Collins: a slippery report

The “interim report” from Ray Collins, presented to Labour Party conference on 22 September, emphasises the role played by trade unions in founding the Labour Party.

It says that the federal structure of the Labour Party “should remain”. It promises an ongoing “collective engagement” and “collective relationship” between affiliated unions and the party.

It says that if the Labour-union link did not exist, then it would be necessary to invent it.

It suggests that the scheme to have trade unionists “opt in”, floated by Ed Miliband on 9 July, should mean individuals opting to gain “additional rights”, or even an effort “to convert as many as possible of the levy-payers of affiliated unions into individual membership of our party”.

It states that “this individual relationship with trade union members” should not “damage the collective relationship and the institutional links between the party and the union organisations”.

Those who want to wreck Labour’s union link are not confident. Serious damage to the link – considered by many Labour leftists in July to be a near-certainty, something they disliked but couldn’t stop – can be prevented if the new Defend The Link campaign does its work well.

But the report is slippery. Without a strong campaign, serious damage is still likely.

Collins’s language is pointedly vague. He refers to the Labour Party as “an alliance of individuals and organisations”, using the vague word “alliance” instead of “federation”. He writes about “collective engagement”, but not specifically affiliation.

The style of the report is bizarre.

“Ed wants to … Ed’s intention is … because Ed has said … that is why Ed has said … Ed has now said … Ed wants … Ed has underlined … Ed has proposed … Ed has asked for … Ed has stressed … I want to hear your views on how we meet Ed’s objective “.

It is as if Ed Miliband is a god. His wishes cannot be questioned. Common mortals can have “views on how we meet Ed’s objective”, but not objectives of our own.

Collins’s report was supposedly based on responses by party members and affiliated organisations.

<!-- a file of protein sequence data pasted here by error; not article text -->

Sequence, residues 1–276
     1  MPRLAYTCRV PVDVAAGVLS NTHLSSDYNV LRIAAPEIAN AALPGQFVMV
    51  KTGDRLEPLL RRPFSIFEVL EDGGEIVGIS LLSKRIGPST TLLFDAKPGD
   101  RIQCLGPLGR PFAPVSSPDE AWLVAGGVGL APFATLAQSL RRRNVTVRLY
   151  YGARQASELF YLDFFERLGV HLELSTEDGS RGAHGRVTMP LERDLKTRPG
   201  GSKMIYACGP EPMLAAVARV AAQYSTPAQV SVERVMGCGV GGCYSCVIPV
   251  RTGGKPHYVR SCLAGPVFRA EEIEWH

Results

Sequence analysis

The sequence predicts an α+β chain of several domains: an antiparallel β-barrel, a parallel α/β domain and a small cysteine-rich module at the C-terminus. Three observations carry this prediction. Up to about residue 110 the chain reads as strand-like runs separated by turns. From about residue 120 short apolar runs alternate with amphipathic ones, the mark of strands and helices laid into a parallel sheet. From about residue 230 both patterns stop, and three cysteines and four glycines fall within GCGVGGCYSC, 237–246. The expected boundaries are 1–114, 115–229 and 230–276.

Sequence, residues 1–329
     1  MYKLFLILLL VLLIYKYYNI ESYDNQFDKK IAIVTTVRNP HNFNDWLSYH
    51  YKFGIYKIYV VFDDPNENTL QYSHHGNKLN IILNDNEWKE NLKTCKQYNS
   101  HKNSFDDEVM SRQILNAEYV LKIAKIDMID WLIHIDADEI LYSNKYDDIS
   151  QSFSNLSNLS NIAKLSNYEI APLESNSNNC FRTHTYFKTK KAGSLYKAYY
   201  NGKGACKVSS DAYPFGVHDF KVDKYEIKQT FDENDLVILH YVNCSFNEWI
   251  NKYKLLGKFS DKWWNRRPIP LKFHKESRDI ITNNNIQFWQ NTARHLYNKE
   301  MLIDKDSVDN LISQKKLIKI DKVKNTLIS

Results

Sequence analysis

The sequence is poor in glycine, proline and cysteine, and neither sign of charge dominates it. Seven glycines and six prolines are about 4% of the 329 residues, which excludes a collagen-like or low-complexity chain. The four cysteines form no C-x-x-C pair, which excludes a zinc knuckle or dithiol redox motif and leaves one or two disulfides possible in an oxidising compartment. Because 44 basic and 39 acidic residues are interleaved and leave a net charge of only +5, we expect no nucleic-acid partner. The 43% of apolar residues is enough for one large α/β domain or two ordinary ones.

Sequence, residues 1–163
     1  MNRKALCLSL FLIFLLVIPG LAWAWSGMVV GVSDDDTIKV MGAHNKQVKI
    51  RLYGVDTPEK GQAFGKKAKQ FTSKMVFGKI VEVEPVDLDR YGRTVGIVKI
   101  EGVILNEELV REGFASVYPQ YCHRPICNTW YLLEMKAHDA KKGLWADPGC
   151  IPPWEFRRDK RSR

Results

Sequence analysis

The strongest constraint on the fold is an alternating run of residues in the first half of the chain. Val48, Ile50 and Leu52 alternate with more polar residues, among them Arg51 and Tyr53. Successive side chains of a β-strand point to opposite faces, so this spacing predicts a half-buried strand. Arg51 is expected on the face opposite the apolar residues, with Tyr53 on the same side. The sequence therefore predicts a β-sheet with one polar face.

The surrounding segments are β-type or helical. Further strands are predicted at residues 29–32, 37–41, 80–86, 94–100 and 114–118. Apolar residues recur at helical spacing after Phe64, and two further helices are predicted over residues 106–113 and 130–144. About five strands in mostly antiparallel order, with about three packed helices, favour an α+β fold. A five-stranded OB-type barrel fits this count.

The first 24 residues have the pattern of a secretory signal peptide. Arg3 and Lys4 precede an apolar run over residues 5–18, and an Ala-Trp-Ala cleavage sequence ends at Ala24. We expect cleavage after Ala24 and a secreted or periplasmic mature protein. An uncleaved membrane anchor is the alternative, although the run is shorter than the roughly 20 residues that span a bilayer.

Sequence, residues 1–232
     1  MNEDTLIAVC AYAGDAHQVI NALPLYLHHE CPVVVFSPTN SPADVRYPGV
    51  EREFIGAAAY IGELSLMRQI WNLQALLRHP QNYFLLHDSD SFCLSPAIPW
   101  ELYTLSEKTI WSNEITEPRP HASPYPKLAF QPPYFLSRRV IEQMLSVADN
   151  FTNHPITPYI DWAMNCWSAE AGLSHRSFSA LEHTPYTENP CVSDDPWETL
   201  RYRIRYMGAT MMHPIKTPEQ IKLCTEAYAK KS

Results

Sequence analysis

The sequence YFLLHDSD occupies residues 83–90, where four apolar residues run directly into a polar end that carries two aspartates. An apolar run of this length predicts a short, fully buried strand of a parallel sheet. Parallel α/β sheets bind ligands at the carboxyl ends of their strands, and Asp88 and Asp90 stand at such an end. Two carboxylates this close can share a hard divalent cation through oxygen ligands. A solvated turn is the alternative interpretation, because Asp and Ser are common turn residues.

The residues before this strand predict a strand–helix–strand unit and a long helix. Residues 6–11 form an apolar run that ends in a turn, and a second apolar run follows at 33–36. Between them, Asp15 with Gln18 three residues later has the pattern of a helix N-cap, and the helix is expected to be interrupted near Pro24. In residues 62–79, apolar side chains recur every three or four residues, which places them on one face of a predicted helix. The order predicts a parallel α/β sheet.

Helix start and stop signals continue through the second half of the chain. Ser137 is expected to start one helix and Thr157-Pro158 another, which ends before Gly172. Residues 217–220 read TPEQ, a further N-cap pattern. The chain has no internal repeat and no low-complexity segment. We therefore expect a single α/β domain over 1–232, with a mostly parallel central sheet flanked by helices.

In fact, the report gives no information about the feedback received. This is particularly ironic in the light of the report’s opening page:

“We must go further in letting ordinary people back into our politics …”

This contrast between the promise of a greater say for “ordinary people” and an exclusive focus on what the party leader has to say reflects a more fundamental contradiction in the report.

Any literal requirement for trade unionists explicitly to “opt in” in order to be affiliated suggests that the “default” status for all trade unionists is to be “opted out”, and thus cuts at the principle of collective decision-making (and collective affiliation) by trade unions.

If Miliband or Collins were proposing solid measures to encourage trade unionists to join as individuals – a clear Labour policy against cuts, or to compel bosses to pay a living wage, for example – then that would be good. If they were even proposing reduced membership fees to encourage new members, that would be positive.

But the report’s support for primaries to select Labour candidates cuts across both collective input by trade unions and the rights of individual party members.

Primaries would mean non-party-members having a greater say in the selection of candidates than affiliated organisations and individual members.

The report is full of praise for collective involvement by trade unions in the Labour Party. But on the other hand it slyly suggests specific plans which would undermine that collective involvement – and presents those plans, not as items for discussion, but as unquestionable since they are “What Ed Wants”.

The ‘interim consultation’ was meant to usher in a ‘major consultation exercise’. But the report simply rubber-stamps Miliband’s idea and invites further submissions about how it should be implemented, as opposed to whether it should be implemented.

The most revealing sentence in the report reads:

“The changes will be put to a special conference this spring because Ed has said he wants them agreed well before the General Election. They will then take time to implement as we manage the organisational and financial implications.”

Worrying for the future is the report’s hint that “we need to consider the consequences for other party structures including conference and the rules for electing leaders” after the category of opted-in affiliated member has been created.

Many Labour right-wingers want a drastic reduction in the trade unions’ share of the vote at party conference and in leadership elections.

If they can point to a number of “opted-in” trade unionists much smaller than the three million “not-opted-out” at present, then their demands will gather weight.

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